We hiked a bit farther along the Teacup Trail, ending up pretty much right under Coffee Pot Rock before turning around. It was looking more and more like rain, and I wanted to make it back to the car before it started. Plus, we also had scheduled a time for my daughter to talk with a friend.

Overall, it was a great short hike. Hopefully we’ll be back to Sedona fairly soon to enjoy some more great, easy hiking.

Conclusion

Given our time constraints and the weather, our hike was the perfect length. It would have been nicer to see more of the exquisitely beautiful red rock surrounding us, but we had to settle for the easiest Sedona hike I was familiar with and knew would provide us with a lovely view of the valley. We’ll tackle something a bit more challenging next time.

Map image courtesy of Open Street Map

How to consistently fly for $270 or less round-trip out of Arcata

Flying out of our local regional airport can be a pain due to delays and cancellations. But it can also be extremely convenient, if things go smoothly. The only problem is…flights can be outrageously expensive.

Which makes using miles to fly in or out of Arcata a winning proposition almost every time since it represents a great value for your miles. If you’re interested in scoring a couple free flights, there are a couple great credit cards you can pick up that will earn you two round-trips out of our local airport.

But if you already have those card and/or are looking for another way to bring the cost of flights down, the Avianca LifeMiles program presents an interesting option. I’m going to be candid and state that this strategy is probably more of an intermediate level

Leveraging Avianca LifeMiles short-haul awards

Avianca LifeMiles has one of the best award charts for short-haul domestic awards within the United States. As a member of the Star Alliance, you can redeem your LifeMiles for flights on United Airlines. The LifeMiles chart breaks the U.S. into three regions, and flights within each region are only 7,500 miles one-way. You can even include connections (although the LifeMiles site seems to choke on itineraries that include more than 1 connection).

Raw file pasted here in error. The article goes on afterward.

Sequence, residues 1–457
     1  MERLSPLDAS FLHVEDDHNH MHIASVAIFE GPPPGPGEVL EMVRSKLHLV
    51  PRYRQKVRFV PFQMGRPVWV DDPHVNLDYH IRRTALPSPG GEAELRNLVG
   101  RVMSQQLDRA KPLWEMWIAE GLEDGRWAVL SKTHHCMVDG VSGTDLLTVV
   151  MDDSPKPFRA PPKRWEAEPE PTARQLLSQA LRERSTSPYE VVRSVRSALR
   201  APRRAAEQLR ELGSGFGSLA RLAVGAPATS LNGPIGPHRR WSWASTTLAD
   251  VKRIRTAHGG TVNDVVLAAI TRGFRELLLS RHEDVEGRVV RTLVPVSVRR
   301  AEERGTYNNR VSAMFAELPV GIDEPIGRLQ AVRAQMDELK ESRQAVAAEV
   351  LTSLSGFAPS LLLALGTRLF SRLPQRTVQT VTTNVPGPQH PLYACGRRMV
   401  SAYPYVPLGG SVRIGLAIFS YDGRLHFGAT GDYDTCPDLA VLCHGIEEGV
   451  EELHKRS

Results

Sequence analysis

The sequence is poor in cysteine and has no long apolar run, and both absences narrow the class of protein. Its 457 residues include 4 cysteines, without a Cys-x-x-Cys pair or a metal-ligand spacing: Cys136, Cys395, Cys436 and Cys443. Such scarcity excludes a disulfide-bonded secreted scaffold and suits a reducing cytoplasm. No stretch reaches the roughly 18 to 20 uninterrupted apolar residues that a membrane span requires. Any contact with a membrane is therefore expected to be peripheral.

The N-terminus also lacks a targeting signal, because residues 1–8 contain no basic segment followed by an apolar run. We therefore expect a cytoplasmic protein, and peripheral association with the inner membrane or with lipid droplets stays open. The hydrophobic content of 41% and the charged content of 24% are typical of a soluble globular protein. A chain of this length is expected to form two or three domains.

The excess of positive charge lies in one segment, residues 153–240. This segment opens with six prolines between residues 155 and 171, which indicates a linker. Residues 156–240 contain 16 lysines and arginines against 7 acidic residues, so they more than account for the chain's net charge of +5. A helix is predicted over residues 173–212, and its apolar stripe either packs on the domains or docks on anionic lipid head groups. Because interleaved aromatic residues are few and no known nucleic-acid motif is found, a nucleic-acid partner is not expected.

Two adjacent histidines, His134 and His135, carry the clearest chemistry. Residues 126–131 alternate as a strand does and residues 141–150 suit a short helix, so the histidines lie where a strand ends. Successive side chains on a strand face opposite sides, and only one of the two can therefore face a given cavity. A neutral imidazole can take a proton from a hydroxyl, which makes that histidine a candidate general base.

The “United States 3 zone” includes the following states: Arizona, California, Colorado, Idaho, Nevada, New Mexico, Oregon, Utah, Wyoming. Oddly, Montana is in “United States 2”. But you can still fly to almost all the western states from Arcata for only 15,000 miles round-trip, an excellent deal (SEE: 3 reasons I am SUPER excited for the new LifeMiles shorthaul awards).

This is where the cost of miles can sometimes outweigh the cost of flights. Say you are interested in flying from Arcata to Jackson, Wyoming, an often expensive destination. Two round-trip tickets will probably run you $1,100 at the cheapest. Using LifeMiles for an award on this itinerary presents excellent value.

But what if you don’t have any LifeMiles?

How buying miles is actually cheaper than buying a ticket

It is extremely rare that I will ever advocate buying miles. In general, don’t do it. There are other ways to accrue them. But if you fly from Arcata frequently, this is one instance where buying miles could make some sense.

One of the most recent LifeMiles sales offered miles with “up to a 125% bonus”. The bonus for 1,000-50,000 miles purchased was 100%, so we’ll roll with that number. Let’s assume you want two round-trip tickets within the western U.S., which will cost you 15,000 miles each. Purchasing 15,000 miles will give you an extra 15,000 miles, enough for both tickets. Every 1,000 miles costs $33, so the total price will come to $495 for the miles you need.